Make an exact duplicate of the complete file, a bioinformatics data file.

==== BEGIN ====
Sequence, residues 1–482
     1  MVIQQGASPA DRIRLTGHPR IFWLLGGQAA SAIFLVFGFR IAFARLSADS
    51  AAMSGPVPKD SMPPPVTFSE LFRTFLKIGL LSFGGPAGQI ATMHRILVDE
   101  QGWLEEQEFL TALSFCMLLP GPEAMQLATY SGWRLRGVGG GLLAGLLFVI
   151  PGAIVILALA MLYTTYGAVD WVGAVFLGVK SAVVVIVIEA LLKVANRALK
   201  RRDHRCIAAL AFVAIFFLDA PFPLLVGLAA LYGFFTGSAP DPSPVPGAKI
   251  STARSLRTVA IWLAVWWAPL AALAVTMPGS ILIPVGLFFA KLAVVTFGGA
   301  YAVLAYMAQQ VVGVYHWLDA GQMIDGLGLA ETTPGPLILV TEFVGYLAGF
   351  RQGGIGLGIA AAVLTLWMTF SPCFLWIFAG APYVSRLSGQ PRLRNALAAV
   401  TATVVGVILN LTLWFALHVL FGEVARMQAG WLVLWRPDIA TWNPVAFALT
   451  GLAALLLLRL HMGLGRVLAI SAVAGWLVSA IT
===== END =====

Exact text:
Sequence, residues 1–482
     1  MVIQQGASPA DRIRLTGHPR IFWLLGGQAA SAIFLVFGFR IAFARLSADS
    51  AAMSGPVPKD SMPPPVTFSE LFRTFLKIGL LSFGGPAGQI ATMHRILVDE
   101  QGWLEEQEFL TALSFCMLLP GPEAMQLATY SGWRLRGVGG GLLAGLLFVI
   151  PGAIVILALA MLYTTYGAVD WVGAVFLGVK SAVVVIVIEA LLKVANRALK
   201  RRDHRCIAAL AFVAIFFLDA PFPLLVGLAA LYGFFTGSAP DPSPVPGAKI
   251  STARSLRTVA IWLAVWWAPL AALAVTMPGS ILIPVGLFFA KLAVVTFGGA
   301  YAVLAYMAQQ VVGVYHWLDA GQMIDGLGLA ETTPGPLILV TEFVGYLAGF
   351  RQGGIGLGIA AAVLTLWMTF SPCFLWIFAG APYVSRLSGQ PRLRNALAAV
   401  TATVVGVILN LTLWFALHVL FGEVARMQAG WLVLWRPDIA TWNPVAFALT
   451  GLAALLLLRL HMGLGRVLAI SAVAGWLVSA IT